Think twice before you piss off Detective Yoshitaka Nishi (Takeshi Kitano): He may not be an obvious hothead like some of his colleagues, but when those quiet ones snap it's chopstick in the eye time, as one incautious tough guy learns the hard way. Nishi has just about reached the limit of his endurance. He blames himself for the death of Detective Tanaka (Makoto Ashikawa) in a bloody shootout at a mall. His wife Miyuki (Kayoko Kishimoto), who never recovered emotionally from the death of their only child, is terminally ill and has been discharged from the hospital to die. His best friend Horibe (Ren Osugi), paralyzed from the waist down by a gangster's bullet, has been abandoned by his family and is contemplating suicide. And on top of everything else, he's barely making ends meet on his policeman's salary.

After a particularly grim visit with Horibe, Nishi decides he's had enough. He buys Horibe a box full of art supplies so he can try his hand at painting-pretty much the only thing he seemed to be interested in other than drowning himself-and robs a bank so he can take Miyuki on a last holiday trip to Japan's country shrines. It probably doesn't need to be said that things don't go well, but unless you're familiar with Kitano's earlier films, it may come as a surprise just how badly they work out.

Known in the U.S. primarily for his supporting roles in Merry Christmas, Mr. Lawrence and Johnny Mnemonic, 'Beat' Takeshi Kitano is a pop culture tsunami in his native Japan: TV star, cultural commentator, actor, comedian (he acts under the name 'Beat' Takeshi, a holdover from his days as half of a stand-up comedy duo called The Two Beats), novelist and all-around enfant terrible, assuming it's possible to be an enfant anything when you're 50 years old and have spent more than 20 of them in the spotlight. He's also something pretty close to a one-man band as a filmmaker: He wrote, directed, co-edited and stars in Fireworks (Hana-Bi), and also painted the cheerfully bizarre images attributed to amateur artist Horibe, people and animals with brilliant flowers blooming where their heads should be. Kitano took up painting in 1994, while he was recovering from a motorcycle accident in which he nearly died.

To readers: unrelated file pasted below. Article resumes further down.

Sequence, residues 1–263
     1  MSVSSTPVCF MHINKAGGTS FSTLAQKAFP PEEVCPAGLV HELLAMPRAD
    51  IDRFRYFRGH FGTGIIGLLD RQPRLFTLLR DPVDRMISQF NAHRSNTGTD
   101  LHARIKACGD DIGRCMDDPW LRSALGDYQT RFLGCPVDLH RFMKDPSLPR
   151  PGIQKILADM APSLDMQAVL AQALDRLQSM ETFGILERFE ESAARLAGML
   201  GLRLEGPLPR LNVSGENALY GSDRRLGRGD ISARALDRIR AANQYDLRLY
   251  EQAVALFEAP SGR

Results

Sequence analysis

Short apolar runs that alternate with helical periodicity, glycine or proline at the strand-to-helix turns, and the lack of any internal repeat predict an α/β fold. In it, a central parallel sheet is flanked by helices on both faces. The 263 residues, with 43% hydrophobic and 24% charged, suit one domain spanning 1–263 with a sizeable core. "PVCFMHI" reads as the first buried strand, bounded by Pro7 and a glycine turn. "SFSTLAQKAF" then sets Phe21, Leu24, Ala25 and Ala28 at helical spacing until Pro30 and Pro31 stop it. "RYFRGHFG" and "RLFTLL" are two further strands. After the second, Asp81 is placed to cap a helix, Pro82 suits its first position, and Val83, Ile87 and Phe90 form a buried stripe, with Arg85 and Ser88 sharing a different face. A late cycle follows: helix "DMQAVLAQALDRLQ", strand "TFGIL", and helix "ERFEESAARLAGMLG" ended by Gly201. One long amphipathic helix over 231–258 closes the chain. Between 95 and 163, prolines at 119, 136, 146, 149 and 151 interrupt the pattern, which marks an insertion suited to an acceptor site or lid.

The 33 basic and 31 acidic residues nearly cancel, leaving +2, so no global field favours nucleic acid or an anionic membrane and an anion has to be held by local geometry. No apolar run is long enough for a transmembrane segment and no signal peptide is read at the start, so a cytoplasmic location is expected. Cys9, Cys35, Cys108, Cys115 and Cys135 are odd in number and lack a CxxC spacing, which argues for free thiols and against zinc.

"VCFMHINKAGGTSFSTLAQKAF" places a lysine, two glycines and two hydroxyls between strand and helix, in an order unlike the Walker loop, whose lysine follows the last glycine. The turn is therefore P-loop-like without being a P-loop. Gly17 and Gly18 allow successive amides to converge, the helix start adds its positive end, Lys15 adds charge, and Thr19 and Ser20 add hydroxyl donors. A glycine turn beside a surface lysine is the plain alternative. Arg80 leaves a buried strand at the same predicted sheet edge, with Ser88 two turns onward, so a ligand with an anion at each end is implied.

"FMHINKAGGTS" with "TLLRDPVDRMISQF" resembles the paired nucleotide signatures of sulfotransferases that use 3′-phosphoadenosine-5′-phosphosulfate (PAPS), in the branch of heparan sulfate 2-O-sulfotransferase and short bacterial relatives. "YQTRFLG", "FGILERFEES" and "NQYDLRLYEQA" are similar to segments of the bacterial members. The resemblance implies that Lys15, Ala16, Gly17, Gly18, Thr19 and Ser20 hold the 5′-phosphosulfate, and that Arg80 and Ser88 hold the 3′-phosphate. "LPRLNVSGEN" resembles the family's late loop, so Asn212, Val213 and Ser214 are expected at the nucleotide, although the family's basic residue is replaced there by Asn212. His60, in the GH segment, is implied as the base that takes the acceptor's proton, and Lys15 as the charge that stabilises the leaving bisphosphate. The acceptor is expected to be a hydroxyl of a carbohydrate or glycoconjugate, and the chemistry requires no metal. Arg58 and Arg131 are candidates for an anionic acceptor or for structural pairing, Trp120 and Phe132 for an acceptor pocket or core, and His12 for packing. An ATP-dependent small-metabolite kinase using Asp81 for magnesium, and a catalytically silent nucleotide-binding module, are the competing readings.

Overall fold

Fireworks is the first Kitano feature to get a U.S. theatrical release (Miramax is bringing out his 1993 Sonatine later this year), and it's a prickly picture, filled with the bizarre juxtapositions of brutal violence, sentimental drama and goofy humor that have become Kitano's trademark. Fireworks is also structured in a deliberately disorienting fashion, flashbacks intruding on the present-day narrative without warning and without explanation: If you don't pay attention, you won't have the faintest idea what's going on, except that it involves a lot of blood.

But it's worth the effort. Kitano's morose, alienated take on what could be a standard-issue cops-and-gangsters tale is simultaneously coolly stylized and surprisingly emotionally persuasive. Yes, the scenes involving Nishi and his wife feel weirdly cloying at first, especially when you compare them with the jarringly violent sequences in between. But by the time you realize where it's all going, it's pretty tough to get that constricted feeling out of your throat. As an actor, Kitano affects tiny little sunglasses, sleek suits and an air of hip indifference worthy of Tarantino (who is, it almost goes without saying, a big fan), but it's just the fragile crust over a simmering tar pit of existential angst-one false step and down you go. As a director, he favors deceptively serene long shots and rejects the rapid-fire editing that characterizes most American crime movies. But the superficial tranquility is misleading: Once Kitano has pulled the rug out from under you a couple of times, you start anxiously scanning every new image, trying to figure out where the poisonous surprise is coming from. And there's always a poisonous surprise, right up to the very end. Be warned.

--Maitland McDonagh